I was aghast, and my mind immediately went back to the golden rule that said being far from Chairman is the best. I instantly began my survival strategy by first going to Malam Shehu Yau Darazo, then General Muhammadu Buhari’s Press Secretary and now a Presidential Aide. Darazo was a strong source linking us with the Buhari’s office. Whenever there was a statement from Buhari he would call me to pick it up and have it dispatched. I got to him and explained that being the youngest of my siblings, and having lost our mother early in life, I wouldn’t want to leave my aged father who was seriously concerned about how my life would be in Abuja. For reasons I am yet to decipher, I am not an Abuja person to this day.
In no time, Darazo reached out to Sam as he called him, and told him that my father was not certain of my conduct in Abuja, as I was only in my twenties. Chairman immediately reconsidered the transfer. I was filled with joy and relief, and thanked Darazo profusely for his intervention.
The life at LEADERSHIP was altogether a memorable one, strewn with many daunting challenges. As one progressed and got rewards for hard work, these rewards came with more hard work and greater responsibilities. For instance, aside from my reporting from the Kaduna office, I was also stationed to monitor hard news on foreign Hausa radio stations. For instance, on January 12th, 2010, President Umaru Musa Yar’Adua who had been outside the country on medical grounds spoke to the BBC Hausa Service, the first time Nigerians heard him since he travelled out in 2009.
Nda-Isaiah who was in Johannesburg called and said “Yar’Adua had spoken to the BBC, please take time to listen and make a story out of it”, I told him that I have already recorded the interview conducted by Mansur Liman. I quickly filed the story and it was the lead story the next morning. The trend was the same when the Wikileaks emerged with several revelations on prominent Nigerians. I had a strong source and credible source making available the cables to me, I filed dozens of stories from the cables. Some of the stories got me into trouble but as usual, Chairman stood by me and the matters were put to rest.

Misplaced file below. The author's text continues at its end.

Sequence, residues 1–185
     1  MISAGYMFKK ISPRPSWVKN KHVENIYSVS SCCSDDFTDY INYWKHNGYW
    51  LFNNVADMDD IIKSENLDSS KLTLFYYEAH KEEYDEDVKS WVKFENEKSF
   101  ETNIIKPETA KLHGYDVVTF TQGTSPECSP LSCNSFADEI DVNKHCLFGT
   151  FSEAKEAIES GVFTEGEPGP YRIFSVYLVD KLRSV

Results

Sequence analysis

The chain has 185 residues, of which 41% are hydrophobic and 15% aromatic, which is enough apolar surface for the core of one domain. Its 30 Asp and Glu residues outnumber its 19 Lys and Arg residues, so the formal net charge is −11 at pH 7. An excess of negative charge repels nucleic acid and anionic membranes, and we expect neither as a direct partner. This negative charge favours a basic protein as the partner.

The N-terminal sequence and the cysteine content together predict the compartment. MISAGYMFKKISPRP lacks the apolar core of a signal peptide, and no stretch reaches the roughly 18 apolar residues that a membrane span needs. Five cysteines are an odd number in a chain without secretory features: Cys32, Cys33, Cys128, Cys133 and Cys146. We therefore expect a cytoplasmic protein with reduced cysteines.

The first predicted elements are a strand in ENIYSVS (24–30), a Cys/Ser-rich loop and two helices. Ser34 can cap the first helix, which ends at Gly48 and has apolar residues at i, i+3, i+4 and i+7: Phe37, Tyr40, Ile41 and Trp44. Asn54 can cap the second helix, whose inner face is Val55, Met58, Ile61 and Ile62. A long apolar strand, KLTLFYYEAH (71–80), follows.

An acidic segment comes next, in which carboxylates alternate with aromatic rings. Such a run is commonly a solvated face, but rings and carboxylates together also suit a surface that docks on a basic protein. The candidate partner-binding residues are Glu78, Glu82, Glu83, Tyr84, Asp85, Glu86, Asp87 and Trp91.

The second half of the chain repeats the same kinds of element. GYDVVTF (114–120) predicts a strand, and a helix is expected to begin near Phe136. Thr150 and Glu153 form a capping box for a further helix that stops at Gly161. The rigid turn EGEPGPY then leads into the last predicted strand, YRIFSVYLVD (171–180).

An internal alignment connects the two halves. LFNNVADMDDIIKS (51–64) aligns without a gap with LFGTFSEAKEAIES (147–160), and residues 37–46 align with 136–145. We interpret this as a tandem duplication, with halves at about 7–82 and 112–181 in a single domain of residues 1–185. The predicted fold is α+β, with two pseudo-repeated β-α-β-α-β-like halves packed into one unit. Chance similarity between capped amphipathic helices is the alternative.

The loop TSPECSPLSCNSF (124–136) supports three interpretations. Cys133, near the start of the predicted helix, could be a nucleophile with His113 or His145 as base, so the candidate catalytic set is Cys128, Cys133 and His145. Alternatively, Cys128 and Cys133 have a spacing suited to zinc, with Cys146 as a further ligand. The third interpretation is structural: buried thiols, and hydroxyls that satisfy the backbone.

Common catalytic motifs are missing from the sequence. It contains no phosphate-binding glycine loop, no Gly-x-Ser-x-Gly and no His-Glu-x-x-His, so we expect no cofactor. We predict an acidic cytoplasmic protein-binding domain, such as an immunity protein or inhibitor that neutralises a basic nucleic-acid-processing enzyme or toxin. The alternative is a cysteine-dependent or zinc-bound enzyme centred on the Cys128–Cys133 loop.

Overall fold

There are several instances where he stood by me in the course of my years in LEADERSHIP but I would only highlight two or more. In 2009, a prominent Nigerian requested through Chairman that I should interview him on the state of the nation. Immediately, Chairman organized the interview and I went. But before commencing the interview, the focus of the interview swung around and turned out to be on a former minister of Federal Capital Territory, Malam Nasir Ahmad El-Rufai. The interviewee made wild allegations against the former minister. On getting to the office, I transcribed the whole interview but did not publish the libellous parts of the interview. When it was published, the interviewee was livid and reached out to the Chairman in indignation. According to him, I was very close to the duo of Malam El-Rufai and Nuhu Ribadu and had the habit of being mild with issues related to the duo.
Chairman summoned me to Abuja. I appeared before him and played the audio. He heard the libelous parts of the interview and saw clearly why I refused to submit it for publication. There and then he placed a call across to the interviewee and told him off sternly, remarking that the reporter was right by not submitting unsubstantiated allegations made in the interview. Afterward, Chairman thanked me for being professional and directed Nnamdi Samuel, his long-time Personal Assistant, to give me some money to travel back to Kaduna.
There was another beat that was exclusively mine in LEADERSHIP. While the duo of Malam El-Rufai and Nuhu Ribadu was in exile, if there was any story related to the duo for which the newspaper wanted to get an exclusive angle, Chairman would direct editors to reach me as I could easily track them for a response. I was equally receiving statements from them and reaching them for interviews as was required.
The second experience was on a report I filed in July 2011 over an attack in Kaduna State. The security agencies and some quarters insisted the report was false. Instead of arresting all the journalists that reported the attack, I was the only one singled out. I was arrested and charges prepared ahead of the prosecution. Chairman swiftly assembled top editors to travel and cross-check the veracity of the report. To cut the story short, the incident was confirmed accurate as it was reported by all national dailies. Chairman petitioned the Inspector General of Police, I was freed and the charges were withdrawn with an unreserved apology tendered.